Memory refers to the process by which information is encoded, stored, and retrieved. From an information processing perspective, there are three main stages in the formation and retrieval of memory:
Encoding or registration : allows information that is from the outside world to reach our senses in the form of chemical or physical stimuli
Storage: creates a permanent record of the encoded information
Retrieval, recall or recollection: calls back the stored information in response to some cue for use in a process or activity
If you could simply transfer your memory modules to the brains of your audience, speaking would be obsolete. Cyborg memory transfer is not feasible yet, and we have not reached singularity with the audience, but we can develop our ideas and deliver them in such a way as to facilitate the transfer of information.
Visual and Spatial orientation (Method of Loci) - This is one of the oldest memory aids presented in classical rhetoric. It allows items to be remembered through the mnemonic system, which includes mentally associat ing them with specific physical locations. For instance, you can create a mental image of a building or a city for your audience and then associate different ideas or themes with each spatial area. You can then walk the audience through the area as you discuss each theme in the associated location.
Ordering - You can create an organizational scheme or pattern, and then position ideas, objects, or processes using the scheme for the listeners. If you consistently follow the scheme or pattern throughout the speech, it is easier to remember and reinforces the ordering, whether it is a natural order or one which you created for the speech. For example, think about money. You have a scheme of value for one cent up to one dollar. You can put all the pennies, nickles, dimes, and quarters into their respective place in the order. It then becomes easier to count and remember how many of each you have.
Limiting sets - You can break up long series into manageable smaller sets. When chunking, you want to group similar items together. Since the newest research suggests that short-term memory capacity is 4-5 items, you want to break up long lists into meaningful and smaller groupings.
Association- You make associations between new ideas, concepts, or similar ideas. You want to make sure the association you create is actually meaningful to the members of the audience and will fit into their mental framework. For example, it is easier for an English speaker to remember names in English or other European languages, where names are associated with everyday meanings (e.g. "Brown") and with numerous known people who have that name, than it is for them to remember names in Chinese, where no such associations are known. The same concept applies in reverse for a Chinese speaker. Similarly, it is much easier to remember places, objects, or rooms in a building by name than by number, because names have higher association value than numbers.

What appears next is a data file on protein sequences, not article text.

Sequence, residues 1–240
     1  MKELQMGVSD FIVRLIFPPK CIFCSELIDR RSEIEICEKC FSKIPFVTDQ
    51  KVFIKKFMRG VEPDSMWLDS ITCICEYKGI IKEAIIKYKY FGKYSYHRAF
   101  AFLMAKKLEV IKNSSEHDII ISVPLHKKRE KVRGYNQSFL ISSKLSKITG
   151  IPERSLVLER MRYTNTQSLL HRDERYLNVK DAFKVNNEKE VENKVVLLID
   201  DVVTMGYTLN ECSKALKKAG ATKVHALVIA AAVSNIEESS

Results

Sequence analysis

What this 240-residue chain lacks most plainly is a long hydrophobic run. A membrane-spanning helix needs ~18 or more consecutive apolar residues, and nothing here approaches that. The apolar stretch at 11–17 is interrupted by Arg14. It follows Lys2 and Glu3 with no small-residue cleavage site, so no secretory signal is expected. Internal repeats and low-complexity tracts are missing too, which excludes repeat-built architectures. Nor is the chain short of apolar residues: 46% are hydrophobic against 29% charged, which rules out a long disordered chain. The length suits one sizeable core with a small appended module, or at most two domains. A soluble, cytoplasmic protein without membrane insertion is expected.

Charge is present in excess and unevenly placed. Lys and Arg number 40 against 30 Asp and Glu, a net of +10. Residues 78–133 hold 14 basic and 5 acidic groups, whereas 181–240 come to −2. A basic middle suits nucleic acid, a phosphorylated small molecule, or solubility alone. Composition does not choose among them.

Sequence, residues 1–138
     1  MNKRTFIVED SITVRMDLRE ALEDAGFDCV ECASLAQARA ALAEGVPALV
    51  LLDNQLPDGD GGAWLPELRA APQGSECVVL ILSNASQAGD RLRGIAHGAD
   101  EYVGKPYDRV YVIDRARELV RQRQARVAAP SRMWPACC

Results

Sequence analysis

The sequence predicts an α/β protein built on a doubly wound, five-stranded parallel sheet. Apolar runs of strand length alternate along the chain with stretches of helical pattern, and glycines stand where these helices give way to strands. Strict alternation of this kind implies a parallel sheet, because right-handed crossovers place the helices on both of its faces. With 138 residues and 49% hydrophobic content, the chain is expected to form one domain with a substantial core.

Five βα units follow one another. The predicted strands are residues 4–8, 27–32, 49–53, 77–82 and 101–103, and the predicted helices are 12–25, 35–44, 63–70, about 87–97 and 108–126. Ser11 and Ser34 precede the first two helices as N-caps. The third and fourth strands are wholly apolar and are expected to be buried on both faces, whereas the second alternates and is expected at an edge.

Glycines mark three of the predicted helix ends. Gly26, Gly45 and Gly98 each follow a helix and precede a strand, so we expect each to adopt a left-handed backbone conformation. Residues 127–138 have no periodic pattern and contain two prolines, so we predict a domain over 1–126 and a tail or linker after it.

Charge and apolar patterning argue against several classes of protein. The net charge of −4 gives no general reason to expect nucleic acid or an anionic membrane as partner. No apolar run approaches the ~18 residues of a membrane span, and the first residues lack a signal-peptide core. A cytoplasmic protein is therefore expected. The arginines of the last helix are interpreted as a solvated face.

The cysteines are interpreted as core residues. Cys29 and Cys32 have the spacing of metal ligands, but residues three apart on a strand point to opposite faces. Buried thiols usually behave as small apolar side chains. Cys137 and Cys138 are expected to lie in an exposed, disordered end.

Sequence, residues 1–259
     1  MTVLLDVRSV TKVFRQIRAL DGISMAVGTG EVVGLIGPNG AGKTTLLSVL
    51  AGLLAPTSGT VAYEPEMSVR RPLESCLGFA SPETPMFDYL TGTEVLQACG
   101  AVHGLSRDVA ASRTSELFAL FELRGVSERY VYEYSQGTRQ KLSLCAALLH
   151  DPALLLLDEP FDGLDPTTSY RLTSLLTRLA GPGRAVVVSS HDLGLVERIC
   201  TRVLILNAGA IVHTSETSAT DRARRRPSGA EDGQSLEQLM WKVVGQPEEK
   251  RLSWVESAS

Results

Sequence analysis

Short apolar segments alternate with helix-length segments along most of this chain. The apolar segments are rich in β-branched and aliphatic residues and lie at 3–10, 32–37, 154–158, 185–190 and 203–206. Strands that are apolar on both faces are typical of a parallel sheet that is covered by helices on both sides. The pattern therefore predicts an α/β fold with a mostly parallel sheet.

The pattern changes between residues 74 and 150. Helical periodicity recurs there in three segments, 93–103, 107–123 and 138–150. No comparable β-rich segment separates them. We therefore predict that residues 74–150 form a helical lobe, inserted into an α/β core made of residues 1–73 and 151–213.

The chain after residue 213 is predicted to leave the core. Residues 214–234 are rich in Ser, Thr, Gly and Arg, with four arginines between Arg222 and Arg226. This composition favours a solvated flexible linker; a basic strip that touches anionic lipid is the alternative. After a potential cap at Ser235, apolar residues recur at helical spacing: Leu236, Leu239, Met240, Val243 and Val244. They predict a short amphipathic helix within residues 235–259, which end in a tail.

Affect - You can also create a strong emotional connection for the audience by mentally 'painting' a vivid picture for the audience. You might describe an image of something that is extremely beautiful or ugly in the minds of your audience. The concept that is salient, bizarre, shocking, or simply unusual will be more easily remembered.
Repetition - You may repeat important ideas to help the audience remember, and include internal summaries so that you repeat again what you want the audience to remember.
Mnemonic - Mnemonics are often verbal, such as very short poems or special words used to help with memorization (e.g., lists). For example, if you want the audience to remember the list (dog, envelope, thirteen, yarn, window), you could create a link system, such as a story about a "dog stuck in an envelope, mailed to an unlucky black cat playing with yarn by the window. " Alternatively, you could use visualization to imagine a dog inside a giant envelope, then visualize an unlucky black cat (or whatever reminds the user of 'thirteen') eating a huge envelope.
While we wait for communication technology and artificial intelligence to enable direct memory transfer, we can make good use of these time tested principles to make messages easier to remember.